Adding to the intrigue of the story line were some non-player characters. The most formidable was Kong, portrayed by Rick Jones. Jones, clad in a gorilla suit occasionally wandered the field in the role of the giant ape. As a gorilla, his attention was caught by movement, so players would freeze and hold still as he went by. Kong was immune to the fire of paintball guns, but he was armed with a 250 fps paintgun, and being hit by it represented being stepped on by the big monkey. As a last ditch effort, players who had attracted Kong’s interest could distract him by tossing a stuffed animal in his direction. This tactic would usually keep him interested enough in the potential food that they could get away.
Hershall Goodman played the island’s native chief. It was beneficial for either team to befriend the natives, as they had several advantages. Trading food items and other props found on the field, the teams could negotiate for war canoe rides, or a guide to take them through the island’s cave network. Both of these options held the same function as a helicopter insertion in most scenario games.
The “war canoes” consisted of a native guiding a group of players around the perimeter of the field. They were immune to paintball fire, as they were considered to be offshore in a canue. Similarly certain bunkers had been designated as cave entrances, and a guide could take a group of players to one cave entrance, and then lead them, fully protected to another. Just as helicopters are susceptible to missiles, both of these transports methods had their weaknesses. Either side could pay the native chief to pray to his sea or land god, creating a giant wave that would sink a canoe, or an earthquake that would cause a cave in.
The red team made some strong moves, gathering all of the fuel cans that were on the field. These were important props, but without having a generator, they proved to be of no benefit.
For the final battle, which came on Sunday, local store owner Chester Bombriant stepped into the role of an American movie director whose yacht was offshore. He negotiated an offer with each side. If they would help him capture Kong, and give him the movie rights to their story, he would transport them off the island. Each side agreed, setting up the game’s final battle. The blue team checked with a ref to ask about their mission to catch Kong. When they were told there wasn’t a mission to catch Kong, but it wasn’t fully explained that the deal was part of the game’s story line, they figured Chester was setting them up for a double cross, and chased him off the field.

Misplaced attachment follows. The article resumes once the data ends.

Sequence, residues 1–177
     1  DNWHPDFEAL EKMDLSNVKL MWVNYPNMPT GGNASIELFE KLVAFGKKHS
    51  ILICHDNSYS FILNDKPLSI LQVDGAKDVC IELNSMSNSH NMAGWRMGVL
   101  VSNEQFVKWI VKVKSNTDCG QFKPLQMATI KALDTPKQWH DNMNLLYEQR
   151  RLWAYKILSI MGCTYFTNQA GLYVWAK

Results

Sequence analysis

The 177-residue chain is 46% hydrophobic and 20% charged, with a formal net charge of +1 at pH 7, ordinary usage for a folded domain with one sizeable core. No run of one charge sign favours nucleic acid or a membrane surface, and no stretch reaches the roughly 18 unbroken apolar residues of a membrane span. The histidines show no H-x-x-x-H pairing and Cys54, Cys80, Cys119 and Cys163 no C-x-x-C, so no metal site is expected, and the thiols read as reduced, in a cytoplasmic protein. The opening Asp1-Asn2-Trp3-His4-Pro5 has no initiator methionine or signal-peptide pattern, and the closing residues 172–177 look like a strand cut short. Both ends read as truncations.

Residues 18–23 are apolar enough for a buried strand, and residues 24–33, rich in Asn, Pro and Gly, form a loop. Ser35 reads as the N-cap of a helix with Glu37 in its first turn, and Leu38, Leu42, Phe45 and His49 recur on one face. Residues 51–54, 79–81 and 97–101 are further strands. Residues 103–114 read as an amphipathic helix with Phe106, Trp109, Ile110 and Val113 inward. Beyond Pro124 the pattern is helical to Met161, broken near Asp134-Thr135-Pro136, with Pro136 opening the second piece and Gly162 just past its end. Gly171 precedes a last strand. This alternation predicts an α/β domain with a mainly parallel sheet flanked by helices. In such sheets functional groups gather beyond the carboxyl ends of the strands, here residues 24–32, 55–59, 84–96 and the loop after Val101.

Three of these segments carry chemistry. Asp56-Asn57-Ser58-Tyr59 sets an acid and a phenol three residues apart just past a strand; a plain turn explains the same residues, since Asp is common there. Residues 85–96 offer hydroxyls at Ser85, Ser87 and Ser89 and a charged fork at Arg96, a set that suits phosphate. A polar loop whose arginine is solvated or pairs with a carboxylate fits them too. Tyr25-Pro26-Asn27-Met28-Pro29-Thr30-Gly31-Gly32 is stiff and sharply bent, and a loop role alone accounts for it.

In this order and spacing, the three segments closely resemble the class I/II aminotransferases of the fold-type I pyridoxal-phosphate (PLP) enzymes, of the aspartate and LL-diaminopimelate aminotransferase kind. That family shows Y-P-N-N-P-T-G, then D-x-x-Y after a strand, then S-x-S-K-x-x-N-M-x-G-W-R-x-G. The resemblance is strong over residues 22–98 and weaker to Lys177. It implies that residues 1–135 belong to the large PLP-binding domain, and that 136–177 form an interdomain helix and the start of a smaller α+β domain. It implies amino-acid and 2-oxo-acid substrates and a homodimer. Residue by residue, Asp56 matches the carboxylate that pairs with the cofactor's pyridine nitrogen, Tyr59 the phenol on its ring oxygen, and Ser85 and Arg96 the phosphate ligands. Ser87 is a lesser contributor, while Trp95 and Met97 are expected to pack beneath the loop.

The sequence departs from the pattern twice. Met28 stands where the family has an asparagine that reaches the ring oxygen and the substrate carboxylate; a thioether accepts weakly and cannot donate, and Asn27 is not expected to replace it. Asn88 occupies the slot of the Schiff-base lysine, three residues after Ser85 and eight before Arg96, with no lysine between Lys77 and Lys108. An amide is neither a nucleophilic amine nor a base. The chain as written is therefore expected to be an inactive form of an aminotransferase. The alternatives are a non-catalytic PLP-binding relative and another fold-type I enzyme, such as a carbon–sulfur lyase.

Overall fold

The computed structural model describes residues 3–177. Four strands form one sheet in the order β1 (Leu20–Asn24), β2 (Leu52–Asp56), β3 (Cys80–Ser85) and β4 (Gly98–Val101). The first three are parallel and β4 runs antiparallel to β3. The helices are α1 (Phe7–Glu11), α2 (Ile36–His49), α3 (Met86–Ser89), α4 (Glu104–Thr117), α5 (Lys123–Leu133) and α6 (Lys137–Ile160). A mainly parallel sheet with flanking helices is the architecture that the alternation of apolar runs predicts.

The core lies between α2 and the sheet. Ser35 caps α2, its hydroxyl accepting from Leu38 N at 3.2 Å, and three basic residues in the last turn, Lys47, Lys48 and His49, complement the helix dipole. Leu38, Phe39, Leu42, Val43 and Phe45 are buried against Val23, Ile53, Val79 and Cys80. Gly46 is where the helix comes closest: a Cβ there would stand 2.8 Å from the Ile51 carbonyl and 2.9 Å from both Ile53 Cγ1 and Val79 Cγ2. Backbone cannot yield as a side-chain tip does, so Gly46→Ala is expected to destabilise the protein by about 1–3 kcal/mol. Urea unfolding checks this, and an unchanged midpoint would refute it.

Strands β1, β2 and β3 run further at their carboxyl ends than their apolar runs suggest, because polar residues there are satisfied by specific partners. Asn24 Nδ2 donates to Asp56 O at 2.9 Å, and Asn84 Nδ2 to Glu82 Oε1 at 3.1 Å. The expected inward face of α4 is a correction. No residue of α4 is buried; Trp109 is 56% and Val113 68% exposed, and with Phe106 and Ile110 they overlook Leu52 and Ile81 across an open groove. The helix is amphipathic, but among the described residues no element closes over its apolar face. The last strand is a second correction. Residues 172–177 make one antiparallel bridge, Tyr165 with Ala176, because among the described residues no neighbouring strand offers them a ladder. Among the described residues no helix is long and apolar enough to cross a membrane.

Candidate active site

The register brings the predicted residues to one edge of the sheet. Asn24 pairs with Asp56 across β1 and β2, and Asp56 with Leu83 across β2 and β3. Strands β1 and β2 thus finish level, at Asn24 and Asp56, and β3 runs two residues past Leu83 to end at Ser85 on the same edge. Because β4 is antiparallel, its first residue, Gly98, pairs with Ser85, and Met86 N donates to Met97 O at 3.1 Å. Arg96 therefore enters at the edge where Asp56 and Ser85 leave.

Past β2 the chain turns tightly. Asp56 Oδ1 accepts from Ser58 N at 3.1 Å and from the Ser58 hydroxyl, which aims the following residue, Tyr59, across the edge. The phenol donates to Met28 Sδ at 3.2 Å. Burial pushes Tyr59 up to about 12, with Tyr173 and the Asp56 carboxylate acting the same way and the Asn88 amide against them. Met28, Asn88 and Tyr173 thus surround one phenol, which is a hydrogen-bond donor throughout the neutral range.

The reason there was no actual hunt for Kong was that the movie director was the setup for the final battle. It seems that while he was negotiating with the teams his movie starlet daughter, portrayed by a mannequin, had been captured by the natives and was tied in the center of the field to be served up as an offering to the great beast. The two teams then had to fight each other to save the girl.
In opposition to the way they started the game, the Red team win the final battle. Unfortunately, due to their slow start, they hadn’t accumulated enough points to win the game, which went to the Blue Team.
Copyright © 1992-2012
Corinthian Media Services. WARPIG's webmasters can be reached through our feedback form.